Sahadev Sharma was speaking generally when he rattled off a list of potential free agent Cubs targets this offseason, but he tends to know his stuff. So when he lists, I listen: “Really, anyone who can stay relatively healthy and strike guys out. I would personally have Jon Gray at the top of my list … and there are so many other names that make sense. Steven Matz, Alex Wood, Anthony DeSclafani, Alex Cobb, Danny Duffy, Dylan Bundy, Yusei Kikuchi and on and on.”

Let’s fine-tune this a little bit, too: The Cubs have a TON of innings to cover, so they’ll want someone who can remain healthy. The Cubs will likely not target anyone attached to a qualifying offer. The Cubs will want someone they could reasonably expect to flip at the deadline if things go sideways in the first-half. Flipping that around, the Cubs are a likely a pretty desirable landing spot. Not only do they have plenty of payroll space and a clear desire to spend it on starters, they also have as much rotational vacancy as any team in baseball. That means anyone looking to showcase their stuff in the short term will get more than just a shot to prove it, they’ll have time to work through struggles if they need it.

Red Sox Activity, Semien, Rodriquez

The Red Sox are talking and acting like a team that’s ready to push in big this offseason for another run next year. Here’s Baseball Pres Chaim Bloom on that very matter:

“I wanted to come out of (this season) thinking this could be the start of something, that we had our next core … something we could be excited about going forward,” Bloom said at the end-of-season press conference. “We fell six wins short of that ultimate goal, but in terms of this being the start of something, in terms of us feeling like we have a bunch of guys who joined this group who are ready to help us win going forward, I think we’re there. I think the mission now is to continue to build on that.”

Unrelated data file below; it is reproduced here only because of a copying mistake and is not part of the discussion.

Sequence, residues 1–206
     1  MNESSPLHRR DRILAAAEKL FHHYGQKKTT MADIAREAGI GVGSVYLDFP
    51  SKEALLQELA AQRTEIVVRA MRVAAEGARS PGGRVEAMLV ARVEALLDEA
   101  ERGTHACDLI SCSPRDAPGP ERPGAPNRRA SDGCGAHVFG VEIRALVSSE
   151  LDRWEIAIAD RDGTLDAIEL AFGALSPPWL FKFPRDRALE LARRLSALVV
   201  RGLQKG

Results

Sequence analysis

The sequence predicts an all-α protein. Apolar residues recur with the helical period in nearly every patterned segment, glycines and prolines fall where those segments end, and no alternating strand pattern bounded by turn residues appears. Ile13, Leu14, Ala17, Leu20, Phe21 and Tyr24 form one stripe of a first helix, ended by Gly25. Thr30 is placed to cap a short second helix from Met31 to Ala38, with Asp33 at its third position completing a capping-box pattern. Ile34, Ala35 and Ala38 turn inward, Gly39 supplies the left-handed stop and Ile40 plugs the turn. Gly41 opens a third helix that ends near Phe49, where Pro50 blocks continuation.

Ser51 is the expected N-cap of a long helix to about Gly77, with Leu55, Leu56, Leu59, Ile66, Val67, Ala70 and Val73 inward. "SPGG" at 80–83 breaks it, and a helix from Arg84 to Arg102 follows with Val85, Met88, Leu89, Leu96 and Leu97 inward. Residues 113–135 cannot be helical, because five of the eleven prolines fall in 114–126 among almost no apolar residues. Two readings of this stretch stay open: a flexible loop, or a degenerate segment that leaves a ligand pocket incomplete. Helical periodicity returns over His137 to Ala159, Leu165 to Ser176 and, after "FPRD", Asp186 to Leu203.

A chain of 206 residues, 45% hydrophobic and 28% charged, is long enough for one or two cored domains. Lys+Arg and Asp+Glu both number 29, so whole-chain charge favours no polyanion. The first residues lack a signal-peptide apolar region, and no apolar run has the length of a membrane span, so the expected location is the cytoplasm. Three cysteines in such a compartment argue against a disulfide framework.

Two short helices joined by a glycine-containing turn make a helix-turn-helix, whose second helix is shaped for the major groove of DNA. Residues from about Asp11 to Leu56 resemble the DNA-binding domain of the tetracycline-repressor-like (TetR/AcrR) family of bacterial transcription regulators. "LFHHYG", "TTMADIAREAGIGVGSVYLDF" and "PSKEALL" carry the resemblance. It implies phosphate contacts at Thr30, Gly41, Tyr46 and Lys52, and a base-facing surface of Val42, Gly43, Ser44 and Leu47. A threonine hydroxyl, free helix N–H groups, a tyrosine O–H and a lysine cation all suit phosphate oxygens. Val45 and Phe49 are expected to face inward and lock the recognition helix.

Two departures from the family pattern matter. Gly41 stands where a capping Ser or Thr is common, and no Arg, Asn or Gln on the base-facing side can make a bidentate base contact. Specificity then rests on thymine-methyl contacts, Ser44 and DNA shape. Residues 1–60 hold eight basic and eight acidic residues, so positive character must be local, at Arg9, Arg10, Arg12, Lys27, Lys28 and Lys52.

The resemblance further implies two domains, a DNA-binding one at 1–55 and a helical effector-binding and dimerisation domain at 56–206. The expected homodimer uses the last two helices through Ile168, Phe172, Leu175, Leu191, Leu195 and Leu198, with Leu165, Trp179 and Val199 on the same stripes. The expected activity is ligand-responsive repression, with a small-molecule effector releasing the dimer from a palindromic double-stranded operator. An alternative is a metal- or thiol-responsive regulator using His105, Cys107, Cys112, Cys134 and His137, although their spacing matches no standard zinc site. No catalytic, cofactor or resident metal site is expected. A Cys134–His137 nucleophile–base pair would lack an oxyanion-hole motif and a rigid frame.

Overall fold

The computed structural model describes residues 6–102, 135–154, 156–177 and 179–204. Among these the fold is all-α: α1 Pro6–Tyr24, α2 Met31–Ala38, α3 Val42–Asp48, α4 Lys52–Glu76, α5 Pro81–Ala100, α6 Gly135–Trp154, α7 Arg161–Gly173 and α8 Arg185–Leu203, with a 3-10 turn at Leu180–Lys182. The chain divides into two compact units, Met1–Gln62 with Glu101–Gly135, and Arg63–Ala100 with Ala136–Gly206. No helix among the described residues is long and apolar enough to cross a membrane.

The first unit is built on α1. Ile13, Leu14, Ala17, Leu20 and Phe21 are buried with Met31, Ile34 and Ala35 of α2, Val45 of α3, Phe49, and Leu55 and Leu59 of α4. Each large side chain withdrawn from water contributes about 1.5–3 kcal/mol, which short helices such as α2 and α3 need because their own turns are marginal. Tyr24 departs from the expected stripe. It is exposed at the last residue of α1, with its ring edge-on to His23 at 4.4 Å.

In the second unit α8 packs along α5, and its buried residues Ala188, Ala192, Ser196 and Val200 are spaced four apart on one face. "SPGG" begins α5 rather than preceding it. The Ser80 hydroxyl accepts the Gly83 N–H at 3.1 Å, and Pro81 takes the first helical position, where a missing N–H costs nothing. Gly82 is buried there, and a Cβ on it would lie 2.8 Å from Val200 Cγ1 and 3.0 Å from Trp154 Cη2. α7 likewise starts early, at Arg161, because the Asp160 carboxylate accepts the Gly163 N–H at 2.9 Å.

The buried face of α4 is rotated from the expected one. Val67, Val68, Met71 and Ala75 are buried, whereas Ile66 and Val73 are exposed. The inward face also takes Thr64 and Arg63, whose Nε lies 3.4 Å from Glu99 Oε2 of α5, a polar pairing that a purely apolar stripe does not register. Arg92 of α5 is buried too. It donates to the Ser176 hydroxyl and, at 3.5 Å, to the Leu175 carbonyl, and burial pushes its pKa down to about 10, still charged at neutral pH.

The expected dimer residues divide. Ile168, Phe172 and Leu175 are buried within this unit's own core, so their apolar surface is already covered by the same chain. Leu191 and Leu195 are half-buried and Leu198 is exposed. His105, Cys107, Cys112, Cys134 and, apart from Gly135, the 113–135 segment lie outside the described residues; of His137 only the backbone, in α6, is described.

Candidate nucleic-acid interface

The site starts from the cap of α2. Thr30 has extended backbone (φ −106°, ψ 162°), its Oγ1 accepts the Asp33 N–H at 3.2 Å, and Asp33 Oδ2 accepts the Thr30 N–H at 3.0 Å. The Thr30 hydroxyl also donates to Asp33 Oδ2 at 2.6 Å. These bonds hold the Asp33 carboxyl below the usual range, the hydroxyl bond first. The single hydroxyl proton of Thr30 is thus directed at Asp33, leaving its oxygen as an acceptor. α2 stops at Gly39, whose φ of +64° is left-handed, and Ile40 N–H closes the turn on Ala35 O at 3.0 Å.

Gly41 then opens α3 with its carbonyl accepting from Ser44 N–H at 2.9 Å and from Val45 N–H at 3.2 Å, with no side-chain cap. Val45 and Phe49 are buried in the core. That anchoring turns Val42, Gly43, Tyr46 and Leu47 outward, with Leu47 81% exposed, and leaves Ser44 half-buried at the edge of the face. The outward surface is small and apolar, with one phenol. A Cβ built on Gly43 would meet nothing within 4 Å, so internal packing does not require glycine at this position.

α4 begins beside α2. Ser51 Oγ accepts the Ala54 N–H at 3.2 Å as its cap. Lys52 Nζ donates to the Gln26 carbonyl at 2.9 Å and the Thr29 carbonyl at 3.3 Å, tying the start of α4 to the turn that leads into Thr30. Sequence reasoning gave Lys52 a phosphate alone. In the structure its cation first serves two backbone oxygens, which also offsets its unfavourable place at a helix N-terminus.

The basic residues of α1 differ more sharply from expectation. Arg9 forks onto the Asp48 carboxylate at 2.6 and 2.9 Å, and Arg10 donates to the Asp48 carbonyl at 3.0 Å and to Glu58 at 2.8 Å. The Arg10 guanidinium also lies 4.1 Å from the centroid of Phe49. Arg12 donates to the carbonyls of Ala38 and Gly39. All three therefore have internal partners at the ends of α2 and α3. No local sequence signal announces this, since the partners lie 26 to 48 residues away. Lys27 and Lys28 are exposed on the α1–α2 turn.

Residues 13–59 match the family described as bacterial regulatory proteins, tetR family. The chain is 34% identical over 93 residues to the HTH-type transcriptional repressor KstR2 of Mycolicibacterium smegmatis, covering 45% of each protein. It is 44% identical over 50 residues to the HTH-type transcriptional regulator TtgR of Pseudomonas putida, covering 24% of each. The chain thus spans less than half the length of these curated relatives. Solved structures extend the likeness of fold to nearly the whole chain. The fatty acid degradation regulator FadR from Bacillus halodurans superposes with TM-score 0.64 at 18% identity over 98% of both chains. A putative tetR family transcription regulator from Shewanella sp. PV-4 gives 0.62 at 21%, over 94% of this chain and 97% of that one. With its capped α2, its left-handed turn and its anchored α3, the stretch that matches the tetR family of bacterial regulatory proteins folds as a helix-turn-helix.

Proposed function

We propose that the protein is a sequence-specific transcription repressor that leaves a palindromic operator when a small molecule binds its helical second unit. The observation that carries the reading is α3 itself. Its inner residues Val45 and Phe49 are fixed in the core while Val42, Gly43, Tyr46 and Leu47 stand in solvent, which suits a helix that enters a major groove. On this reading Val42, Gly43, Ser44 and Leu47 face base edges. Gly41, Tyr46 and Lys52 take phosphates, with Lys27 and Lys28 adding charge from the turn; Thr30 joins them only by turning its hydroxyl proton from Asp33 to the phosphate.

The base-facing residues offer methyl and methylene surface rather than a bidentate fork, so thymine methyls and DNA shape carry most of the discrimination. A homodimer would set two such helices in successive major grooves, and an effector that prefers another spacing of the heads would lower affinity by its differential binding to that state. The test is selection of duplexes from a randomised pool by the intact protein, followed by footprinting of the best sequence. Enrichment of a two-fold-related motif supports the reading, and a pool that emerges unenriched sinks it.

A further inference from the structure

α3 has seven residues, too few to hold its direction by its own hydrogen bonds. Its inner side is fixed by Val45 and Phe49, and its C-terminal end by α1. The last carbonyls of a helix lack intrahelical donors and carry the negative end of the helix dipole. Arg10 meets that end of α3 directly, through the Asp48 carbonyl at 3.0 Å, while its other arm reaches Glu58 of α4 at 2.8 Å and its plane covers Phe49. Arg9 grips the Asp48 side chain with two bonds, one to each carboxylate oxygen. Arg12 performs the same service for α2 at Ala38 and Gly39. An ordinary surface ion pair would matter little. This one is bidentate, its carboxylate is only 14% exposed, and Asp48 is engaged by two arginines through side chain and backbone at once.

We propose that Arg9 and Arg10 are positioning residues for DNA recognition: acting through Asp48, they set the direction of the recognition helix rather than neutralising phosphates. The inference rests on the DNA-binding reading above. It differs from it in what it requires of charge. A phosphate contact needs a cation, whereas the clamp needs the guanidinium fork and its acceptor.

The Red Sox were reportedly in on Eduardo Rodriguez, making him multiple, multi-year offers before he signed with the Tigers for $77 million, and it sure sounds like Marcus Semien could be the right addition for second base. Not only is he going to cost far less than Correa or Seager, he’s also a win-now player. And although he’s attached to draft pick compensation, that hurts less for the Red Sox, who gained a pick when Rodriguez was signed away.

Without many rumors on Semien’s market so far, I’m thinking it starts in Boston.

Odds and Ends:

•   I almost forgot that Nick Castellanos is still a free agent. What’s wrong with me? The Marlins have been connected to him a bunch this offseason, but now you can add the Giants to the list. Castellanos, 29, is attached to draft pick compensation.

•   Japanese outfielder Seiya Suzuki (who could be the perfect kind of risk for the Cubs this offseason) is about to be posted next week, which gives him one month to ink a deal with a Major League team … which is quite confusing, considering the likelihood of a lockout throughout the majority of that month. Would he take just the one week to find a deal? Would the league make an exception? Do periods of lockouts or strikes not count in the calculation of the monthlong posting? Important questions to consider if we really imagine him as an option for the Cubs, and so far they are unanswered.

•   Are the Cardinals “going for it” in 2022, or just doing their normal thing?

Author: Michael Cerami

Michael Cerami covers the Chicago Cubs, Bears, and Bulls at Bleacher Nation. You can find him on Twitter @Michael_Cerami